Last week I investigated the In-System Programming feature in the boot ROM of the LPC55S69. Using the command-line program blhost I was able to erase the flash and download simple LED blinky programs. Of course, the functions that erase and program the flash are present in the boot ROM.
Wouldn’t it be great if we could call those program and erase functions from our own software running on the LPC55S69?
Of course, we can. This is the NXP feature In-Application Programming, and this week I’ll show you how to interface to the Flash Driver in the boot ROM from software. Since the program and erase functions are running from ROM, this avoids the normal considerations about using flash for non-volatile storage.
The LPC55S69 contains a pointer table to the ROM APIs at base address 0x130010f0. This is in the boot ROM memory space, and is simply a set of function pointers. The ROM table contains a pointer to the runBootloader function, meaning that we can start the bootloader from our application code. Above this in memory are a version string, a copyright string, a pointer to the flashDriver structure, and pointers to the USB, low power and Crypto drivers. Note that I believe that the documentation is not quite up-to-date since it does not show the copyright string pointer that is present in the SDK implementation of the ROM Drivers.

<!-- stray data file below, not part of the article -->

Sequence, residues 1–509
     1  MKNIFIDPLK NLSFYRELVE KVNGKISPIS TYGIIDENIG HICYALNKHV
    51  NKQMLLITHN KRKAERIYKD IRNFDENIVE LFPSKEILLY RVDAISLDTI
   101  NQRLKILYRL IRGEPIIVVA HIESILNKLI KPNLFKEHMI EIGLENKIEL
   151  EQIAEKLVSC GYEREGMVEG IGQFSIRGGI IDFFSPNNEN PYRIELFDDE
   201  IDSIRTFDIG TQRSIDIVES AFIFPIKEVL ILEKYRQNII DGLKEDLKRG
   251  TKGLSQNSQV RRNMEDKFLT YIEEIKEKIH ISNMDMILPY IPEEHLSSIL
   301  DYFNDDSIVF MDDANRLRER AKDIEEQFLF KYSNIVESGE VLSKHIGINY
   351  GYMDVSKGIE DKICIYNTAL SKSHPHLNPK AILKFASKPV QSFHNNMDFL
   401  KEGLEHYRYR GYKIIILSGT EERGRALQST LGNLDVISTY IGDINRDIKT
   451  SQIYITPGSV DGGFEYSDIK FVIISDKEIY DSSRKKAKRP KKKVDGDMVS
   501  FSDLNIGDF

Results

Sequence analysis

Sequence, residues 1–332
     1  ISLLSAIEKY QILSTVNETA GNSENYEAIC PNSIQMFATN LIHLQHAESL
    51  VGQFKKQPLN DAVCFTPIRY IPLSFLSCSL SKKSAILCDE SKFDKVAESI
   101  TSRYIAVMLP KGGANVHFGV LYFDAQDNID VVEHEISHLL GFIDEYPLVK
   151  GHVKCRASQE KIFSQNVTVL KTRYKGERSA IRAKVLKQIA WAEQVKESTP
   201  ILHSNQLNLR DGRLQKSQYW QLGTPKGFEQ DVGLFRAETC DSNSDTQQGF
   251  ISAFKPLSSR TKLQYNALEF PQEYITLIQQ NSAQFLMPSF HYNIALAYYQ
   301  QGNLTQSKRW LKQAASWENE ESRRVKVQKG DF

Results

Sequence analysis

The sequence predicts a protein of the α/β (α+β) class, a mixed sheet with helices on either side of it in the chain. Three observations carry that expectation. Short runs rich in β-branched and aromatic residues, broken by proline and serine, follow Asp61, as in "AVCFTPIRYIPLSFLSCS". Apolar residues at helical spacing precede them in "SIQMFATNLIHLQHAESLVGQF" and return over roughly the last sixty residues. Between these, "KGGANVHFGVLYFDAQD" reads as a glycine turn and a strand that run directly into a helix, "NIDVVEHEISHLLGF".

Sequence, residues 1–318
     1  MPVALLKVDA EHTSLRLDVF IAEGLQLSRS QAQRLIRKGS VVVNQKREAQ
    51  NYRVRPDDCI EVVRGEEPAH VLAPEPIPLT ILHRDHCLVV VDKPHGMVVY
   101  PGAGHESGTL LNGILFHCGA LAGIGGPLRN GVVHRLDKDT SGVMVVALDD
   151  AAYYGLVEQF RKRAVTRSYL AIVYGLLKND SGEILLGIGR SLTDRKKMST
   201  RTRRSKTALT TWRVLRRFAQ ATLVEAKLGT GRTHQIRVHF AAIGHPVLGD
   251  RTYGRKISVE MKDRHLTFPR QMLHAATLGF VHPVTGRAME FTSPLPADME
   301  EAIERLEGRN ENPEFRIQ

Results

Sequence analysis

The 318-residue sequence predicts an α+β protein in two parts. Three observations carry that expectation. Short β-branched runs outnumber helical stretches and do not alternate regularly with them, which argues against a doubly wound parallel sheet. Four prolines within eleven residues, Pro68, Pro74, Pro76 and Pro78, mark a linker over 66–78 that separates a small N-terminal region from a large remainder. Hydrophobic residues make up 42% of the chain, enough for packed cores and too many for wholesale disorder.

We are considering the flashDriver today. The flashDriver pointer from the ROM API pointer table re-directs to another structure, of type flash_driver-interface_t. It’s another pointer table and exposes the flash driver ROM functions – flash_init, flash_erase, flash_program etc.
Fortunately, NXP have implemented function wrappers for all of the necessary functions, and these are provided to us in the SDK flash driver fsl_iap.c and fsl_iap.h. It is highlighted in the example project lpcxpresso55s69_flashiap1from the SDK where an area of flash – at base address 0x9DE00 – is erased and programmed.
The flash driver implements a function – flash_get_property – and we can pass parameters into the function to learn details about the flash architecture on the device.
We can see that the FlashPageSize is 0x200 bytes. The total flash size is 640kbytes, but the last 8kbytes are not useable and so the example project computes the last available page in flash and uses this for the flash example. That is where the address 0x9DE00 comes from.
The example project simply test-drives the Flash driver functions to erase and program the page at 0x9DE00.
I’m not 100% certain what I’ll share with you next week, but I’m thinking I’ll blog about the hardware DSP accelerator PowerQuad. Let’s see what the week brings. Let me know if you have other suggestions, and don’t forget to let me know how you get along with the In-Application Programming feature on NXP’s LPC5569.